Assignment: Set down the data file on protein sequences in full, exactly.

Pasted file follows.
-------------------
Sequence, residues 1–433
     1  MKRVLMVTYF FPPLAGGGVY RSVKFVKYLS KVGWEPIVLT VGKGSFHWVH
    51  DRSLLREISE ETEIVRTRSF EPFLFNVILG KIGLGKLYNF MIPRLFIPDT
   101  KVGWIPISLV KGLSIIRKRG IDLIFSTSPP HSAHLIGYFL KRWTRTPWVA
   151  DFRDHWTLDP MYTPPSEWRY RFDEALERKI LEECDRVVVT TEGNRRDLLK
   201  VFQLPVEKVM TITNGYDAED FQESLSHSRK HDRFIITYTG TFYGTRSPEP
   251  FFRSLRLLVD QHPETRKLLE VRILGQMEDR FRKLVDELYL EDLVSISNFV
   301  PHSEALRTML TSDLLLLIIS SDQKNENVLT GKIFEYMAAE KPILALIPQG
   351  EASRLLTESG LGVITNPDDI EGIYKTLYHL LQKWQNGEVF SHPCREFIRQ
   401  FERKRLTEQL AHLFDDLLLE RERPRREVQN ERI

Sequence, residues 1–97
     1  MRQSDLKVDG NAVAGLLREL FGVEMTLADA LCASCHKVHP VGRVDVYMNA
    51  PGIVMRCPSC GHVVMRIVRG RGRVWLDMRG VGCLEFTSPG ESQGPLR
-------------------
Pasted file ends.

Sequence, residues 1–433
     1  MKRVLMVTYF FPPLAGGGVY RSVKFVKYLS KVGWEPIVLT VGKGSFHWVH
    51  DRSLLREISE ETEIVRTRSF EPFLFNVILG KIGLGKLYNF MIPRLFIPDT
   101  KVGWIPISLV KGLSIIRKRG IDLIFSTSPP HSAHLIGYFL KRWTRTPWVA
   151  DFRDHWTLDP MYTPPSEWRY RFDEALERKI LEECDRVVVT TEGNRRDLLK
   201  VFQLPVEKVM TITNGYDAED FQESLSHSRK HDRFIITYTG TFYGTRSPEP
   251  FFRSLRLLVD QHPETRKLLE VRILGQMEDR FRKLVDELYL EDLVSISNFV
   301  PHSEALRTML TSDLLLLIIS SDQKNENVLT GKIFEYMAAE KPILALIPQG
   351  EASRLLTESG LGVITNPDDI EGIYKTLYHL LQKWQNGEVF SHPCREFIRQ
   401  FERKRLTEQL AHLFDDLLLE RERPRREVQN ERI

Sequence, residues 1–97
     1  MRQSDLKVDG NAVAGLLREL FGVEMTLADA LCASCHKVHP VGRVDVYMNA
    51  PGIVMRCPSC GHVVMRIVRG RGRVWLDMRG VGCLEFTSPG ESQGPLR